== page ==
When the key biological molecules, proteins and nucleic acids, were first studied, they were characterized by their sizes, compositions and, for proteins, their antigenicity. These simple characters were often used to infer the relationships of the organisms from which the molecules were obtained, and the results seemed to be sensible. However, it was not until the sequences of the amino acids in the proteins were determined, and more recently, the nucleotides in the nucleic acids, that the molecular basis of the relationships were shown to reside in the sequences and their three-dimensional structures.
In this chapter we outline some of the methods used for inferring the phylogenetic or other relationships of sequences. We distinguish the various components of analysis; the ways that nucleotide and amino acid sequences are recorded for analysis, the means by which that data can be transformed to improve the chances of discovering the true relationships, and the ways by which the relationships are inferred and displayed. We have omitted to discuss the more traditional ways for indirectly comparing sequences using, for example, their composition, RFLP similarity or nearest neighbour frequency. However, it is worth emphasizing that, if such methods indicate relationships that correlate with those inferred from sequence data, then a much larger body of older, simpler data may become available and permit broader comparisons and extrapolations.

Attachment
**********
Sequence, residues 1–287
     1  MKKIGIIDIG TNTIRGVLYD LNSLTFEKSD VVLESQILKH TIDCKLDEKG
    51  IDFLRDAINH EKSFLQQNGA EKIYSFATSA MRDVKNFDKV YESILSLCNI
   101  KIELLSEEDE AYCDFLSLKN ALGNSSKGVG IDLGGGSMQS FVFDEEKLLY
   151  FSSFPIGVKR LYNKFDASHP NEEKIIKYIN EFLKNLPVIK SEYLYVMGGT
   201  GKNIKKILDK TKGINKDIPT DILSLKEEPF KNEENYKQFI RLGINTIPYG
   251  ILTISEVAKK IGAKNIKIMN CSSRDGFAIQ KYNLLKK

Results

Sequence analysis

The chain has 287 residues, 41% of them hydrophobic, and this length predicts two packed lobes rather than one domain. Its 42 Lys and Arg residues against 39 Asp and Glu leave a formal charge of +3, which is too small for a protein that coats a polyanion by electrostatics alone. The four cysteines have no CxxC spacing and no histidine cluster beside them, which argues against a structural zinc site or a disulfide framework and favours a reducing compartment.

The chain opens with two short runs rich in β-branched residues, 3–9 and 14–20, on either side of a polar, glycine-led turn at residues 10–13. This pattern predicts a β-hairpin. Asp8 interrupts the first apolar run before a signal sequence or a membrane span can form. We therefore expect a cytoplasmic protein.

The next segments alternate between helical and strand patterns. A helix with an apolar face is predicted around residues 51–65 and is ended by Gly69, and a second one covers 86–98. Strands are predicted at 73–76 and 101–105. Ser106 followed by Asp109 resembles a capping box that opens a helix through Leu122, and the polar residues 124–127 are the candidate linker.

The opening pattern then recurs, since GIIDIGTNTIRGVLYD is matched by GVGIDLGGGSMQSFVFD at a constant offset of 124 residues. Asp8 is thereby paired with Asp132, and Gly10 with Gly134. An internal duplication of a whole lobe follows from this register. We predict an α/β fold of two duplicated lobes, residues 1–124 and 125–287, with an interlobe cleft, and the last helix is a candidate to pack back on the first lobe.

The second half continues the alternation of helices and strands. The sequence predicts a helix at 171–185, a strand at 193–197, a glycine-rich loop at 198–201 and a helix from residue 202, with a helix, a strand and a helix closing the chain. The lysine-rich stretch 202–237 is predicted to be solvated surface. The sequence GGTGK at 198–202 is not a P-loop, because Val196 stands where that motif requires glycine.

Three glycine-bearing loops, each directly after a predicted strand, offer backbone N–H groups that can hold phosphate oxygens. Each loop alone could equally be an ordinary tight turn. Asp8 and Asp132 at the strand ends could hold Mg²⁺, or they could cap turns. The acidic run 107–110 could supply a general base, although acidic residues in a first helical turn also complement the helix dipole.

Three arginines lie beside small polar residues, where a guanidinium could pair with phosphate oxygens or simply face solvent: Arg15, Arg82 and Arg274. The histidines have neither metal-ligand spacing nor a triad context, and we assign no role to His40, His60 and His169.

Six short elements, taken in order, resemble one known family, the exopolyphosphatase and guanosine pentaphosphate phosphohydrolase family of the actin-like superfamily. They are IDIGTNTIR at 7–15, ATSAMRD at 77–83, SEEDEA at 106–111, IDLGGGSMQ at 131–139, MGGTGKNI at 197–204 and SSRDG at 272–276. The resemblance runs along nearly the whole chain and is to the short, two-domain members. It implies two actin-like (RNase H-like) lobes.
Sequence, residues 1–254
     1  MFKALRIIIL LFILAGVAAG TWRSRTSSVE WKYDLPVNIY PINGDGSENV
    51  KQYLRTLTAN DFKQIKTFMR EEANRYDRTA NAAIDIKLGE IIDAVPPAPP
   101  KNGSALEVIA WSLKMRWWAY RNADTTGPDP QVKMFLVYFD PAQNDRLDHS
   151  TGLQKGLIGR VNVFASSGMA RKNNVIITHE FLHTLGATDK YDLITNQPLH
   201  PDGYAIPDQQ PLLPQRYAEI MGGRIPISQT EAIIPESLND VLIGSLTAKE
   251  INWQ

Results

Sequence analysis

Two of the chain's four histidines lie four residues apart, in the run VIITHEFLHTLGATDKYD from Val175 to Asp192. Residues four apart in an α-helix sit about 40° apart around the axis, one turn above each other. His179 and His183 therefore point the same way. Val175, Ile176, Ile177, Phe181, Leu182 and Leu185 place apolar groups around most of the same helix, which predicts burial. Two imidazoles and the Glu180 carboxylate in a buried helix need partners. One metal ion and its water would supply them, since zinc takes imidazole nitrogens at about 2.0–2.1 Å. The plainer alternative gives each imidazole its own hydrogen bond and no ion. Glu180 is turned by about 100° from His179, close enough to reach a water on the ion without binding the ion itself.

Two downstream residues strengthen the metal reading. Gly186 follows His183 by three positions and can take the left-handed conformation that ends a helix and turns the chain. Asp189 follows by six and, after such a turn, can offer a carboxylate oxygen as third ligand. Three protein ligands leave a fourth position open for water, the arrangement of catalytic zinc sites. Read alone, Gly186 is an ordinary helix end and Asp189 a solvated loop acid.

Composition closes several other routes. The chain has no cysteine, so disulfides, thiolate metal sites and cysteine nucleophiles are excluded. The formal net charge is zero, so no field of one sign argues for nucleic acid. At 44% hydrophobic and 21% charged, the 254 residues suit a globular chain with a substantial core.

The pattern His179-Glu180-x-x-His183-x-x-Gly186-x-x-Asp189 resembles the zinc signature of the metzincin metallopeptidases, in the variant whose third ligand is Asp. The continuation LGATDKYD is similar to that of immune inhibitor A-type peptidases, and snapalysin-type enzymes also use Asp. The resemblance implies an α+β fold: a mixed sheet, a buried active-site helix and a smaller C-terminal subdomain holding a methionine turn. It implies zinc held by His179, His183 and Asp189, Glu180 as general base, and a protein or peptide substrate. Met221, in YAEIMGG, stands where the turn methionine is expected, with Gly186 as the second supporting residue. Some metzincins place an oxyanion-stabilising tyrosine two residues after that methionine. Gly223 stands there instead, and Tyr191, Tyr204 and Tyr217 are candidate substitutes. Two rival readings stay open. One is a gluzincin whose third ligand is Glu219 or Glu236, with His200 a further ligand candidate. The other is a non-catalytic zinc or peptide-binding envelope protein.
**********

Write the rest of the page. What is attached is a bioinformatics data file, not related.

Aims of sequence analysis
The most appropriate way to analyse a sequence depends on the goal of the analysis.